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4answers
1k views

How to sail downwind faster than the wind?

Recently a group set a record for sailing a wind-powered land vehicle directly down wind, and a speed faster than wind speed. Wikipedia has a page talking about it, but it doesn't explain exactly how ...
11
votes
3answers
2k views

Does a wing in a potential flow have lift?

I have a hard time understanding whether or not a wing placed in a potential flow, assuming there is no viscosity and no friction with the wing, will produce a lift. I've seen several contradictory ...
11
votes
4answers
980 views

Helicopter in an Elevator

You buy one of those remote control toy helicopters. You bring it into an elevator. The elevator goes up. Does the helicopter hit the floor or does the floor of the elevator push the air up into the ...
10
votes
8answers
14k views

Why does the air flow faster over the top of an airfoil?

I understand the common explanation of lift, which describes the airflow over the top of the wing as moving faster than the air below the wing. However, I don't quite understand why the air moves ...
10
votes
2answers
457 views

Energy from man-made tornadoes

Peter Thiel just paid $300,000 to Canadian inventor Louis Michaud who is working to construct useful "man-made tornadoes" or "atmospheric vortex engines" which could be components of future power ...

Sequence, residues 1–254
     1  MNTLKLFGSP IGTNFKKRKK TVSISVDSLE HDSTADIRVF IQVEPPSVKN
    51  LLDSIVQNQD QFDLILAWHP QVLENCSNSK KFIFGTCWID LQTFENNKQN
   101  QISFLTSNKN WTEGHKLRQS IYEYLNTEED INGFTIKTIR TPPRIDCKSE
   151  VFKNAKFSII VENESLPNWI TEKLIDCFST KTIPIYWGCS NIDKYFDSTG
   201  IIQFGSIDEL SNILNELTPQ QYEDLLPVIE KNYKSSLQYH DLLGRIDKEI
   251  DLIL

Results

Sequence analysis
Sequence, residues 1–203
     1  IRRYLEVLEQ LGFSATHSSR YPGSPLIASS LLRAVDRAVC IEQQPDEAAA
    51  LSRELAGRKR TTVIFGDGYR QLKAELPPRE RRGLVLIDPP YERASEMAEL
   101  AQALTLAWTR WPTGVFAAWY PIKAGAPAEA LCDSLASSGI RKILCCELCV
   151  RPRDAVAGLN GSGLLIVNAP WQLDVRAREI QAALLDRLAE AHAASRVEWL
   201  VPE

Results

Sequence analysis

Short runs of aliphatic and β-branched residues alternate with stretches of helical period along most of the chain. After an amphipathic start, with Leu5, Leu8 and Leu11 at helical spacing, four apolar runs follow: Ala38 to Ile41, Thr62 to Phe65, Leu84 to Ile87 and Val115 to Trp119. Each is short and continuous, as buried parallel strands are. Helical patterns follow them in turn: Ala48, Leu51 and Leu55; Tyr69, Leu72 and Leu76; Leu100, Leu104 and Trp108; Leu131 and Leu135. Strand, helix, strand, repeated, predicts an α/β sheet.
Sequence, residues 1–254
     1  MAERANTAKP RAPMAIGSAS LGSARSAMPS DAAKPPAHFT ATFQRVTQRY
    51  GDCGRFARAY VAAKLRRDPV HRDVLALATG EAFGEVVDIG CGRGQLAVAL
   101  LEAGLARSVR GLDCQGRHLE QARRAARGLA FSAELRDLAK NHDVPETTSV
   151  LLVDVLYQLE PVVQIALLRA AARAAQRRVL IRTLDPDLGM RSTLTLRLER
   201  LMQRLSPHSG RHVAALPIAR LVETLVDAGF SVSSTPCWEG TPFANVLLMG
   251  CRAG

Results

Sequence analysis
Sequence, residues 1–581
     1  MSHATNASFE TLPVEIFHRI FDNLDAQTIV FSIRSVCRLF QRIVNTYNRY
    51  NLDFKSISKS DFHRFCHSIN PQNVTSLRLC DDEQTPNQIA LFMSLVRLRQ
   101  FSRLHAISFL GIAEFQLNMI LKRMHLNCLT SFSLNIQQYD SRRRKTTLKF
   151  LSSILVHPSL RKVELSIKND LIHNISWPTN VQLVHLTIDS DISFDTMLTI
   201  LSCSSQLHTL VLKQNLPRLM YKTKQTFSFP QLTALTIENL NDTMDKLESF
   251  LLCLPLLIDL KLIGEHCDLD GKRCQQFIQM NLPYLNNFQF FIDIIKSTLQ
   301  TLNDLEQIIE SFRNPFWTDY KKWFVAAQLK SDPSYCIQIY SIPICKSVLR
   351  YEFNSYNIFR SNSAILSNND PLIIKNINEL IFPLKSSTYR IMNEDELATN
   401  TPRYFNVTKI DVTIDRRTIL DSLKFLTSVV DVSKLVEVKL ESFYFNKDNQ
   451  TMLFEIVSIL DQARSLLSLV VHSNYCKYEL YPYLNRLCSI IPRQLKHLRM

8
votes
2answers
1k views

Does it make sense to open one window all the way when the other window is much smaller?

I can't wrap my head around this idea because I don't know much about air flows. Say we have this imaginary apartment with two windows, one of which is two times smaller than the other: Will the ...
8
votes
1answer
2k views

Why exactly does a boomerang return back to the thrower?

I was always intrigued by the phenomena that govern the returning back of a boomerang to the thrower. Even if it is dependent on various factors such as velocity, aerodynamics, wind resistance and ...
8
votes
2answers
2k views

What is the optimal design for a paper airplane? (Or, at least, how can you approach it?)

Having only really known two designs for paper airplanes since my days as a child, one which flies about eight feet and another which flies about ten feet, I have always wondered how people manage to ...
8
votes
1answer
396 views

NASCAR drafting at Daytona

This year, the racetrack at Daytona has been repaved. The track was always faster than other tracks NASCAR raced at and several cars in a "train" were faster than single cars or smaller trains. This ...
6
votes
5answers
1k views

Why do blades of windturbine propellers as comp. to propellers of ships cover very different areas?

This is a thought I asked myself often, but never did real efforts to get an answer. Barsmonsters question about number of fans of a wind turbine made me think of it again Why do blades of aircraft ...
6
votes
4answers
2k views

Why is 55-60 MPH optimal for gas mileage of a passenger car?

My driver's education teacher back in high school said 55 MPH is optimal for gas mileage of a passenger car. Just last week, I read an article in a magazine saying 60 MPH is optimal. These numbers are ...
6
votes
2answers
631 views

Could some design of a propeller be used in both air and water?

Propellers in water are smaller in diameter. They also move more slowly. On the other hand, aircraft propellers are larger in diameter, have narrower blades and operate at very high speeds. An ...
5
votes
5answers
1k views

Turning an Airplane. What actually causes the circular motion in a banked (roll) turn?